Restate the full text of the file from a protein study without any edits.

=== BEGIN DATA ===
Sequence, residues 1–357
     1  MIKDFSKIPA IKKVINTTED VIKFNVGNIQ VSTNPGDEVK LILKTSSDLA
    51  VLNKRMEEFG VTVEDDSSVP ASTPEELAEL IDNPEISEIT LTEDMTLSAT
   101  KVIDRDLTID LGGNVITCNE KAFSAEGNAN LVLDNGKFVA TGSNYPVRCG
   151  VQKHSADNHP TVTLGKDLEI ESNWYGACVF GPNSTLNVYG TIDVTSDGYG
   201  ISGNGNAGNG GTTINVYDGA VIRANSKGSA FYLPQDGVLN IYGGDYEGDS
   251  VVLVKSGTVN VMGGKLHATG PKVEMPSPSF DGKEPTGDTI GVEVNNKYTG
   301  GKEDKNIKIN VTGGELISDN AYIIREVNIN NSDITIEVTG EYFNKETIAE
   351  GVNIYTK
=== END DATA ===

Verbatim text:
Sequence, residues 1–357
     1  MIKDFSKIPA IKKVINTTED VIKFNVGNIQ VSTNPGDEVK LILKTSSDLA
    51  VLNKRMEEFG VTVEDDSSVP ASTPEELAEL IDNPEISEIT LTEDMTLSAT
   101  KVIDRDLTID LGGNVITCNE KAFSAEGNAN LVLDNGKFVA TGSNYPVRCG
   151  VQKHSADNHP TVTLGKDLEI ESNWYGACVF GPNSTLNVYG TIDVTSDGYG
   201  ISGNGNAGNG GTTINVYDGA VIRANSKGSA FYLPQDGVLN IYGGDYEGDS
   251  VVLVKSGTVN VMGGKLHATG PKVEMPSPSF DGKEPTGDTI GVEVNNKYTG
   301  GKEDKNIKIN VTGGELISDN AYIIREVNIN NSDITIEVTG EYFNKETIAE
   351  GVNIYTK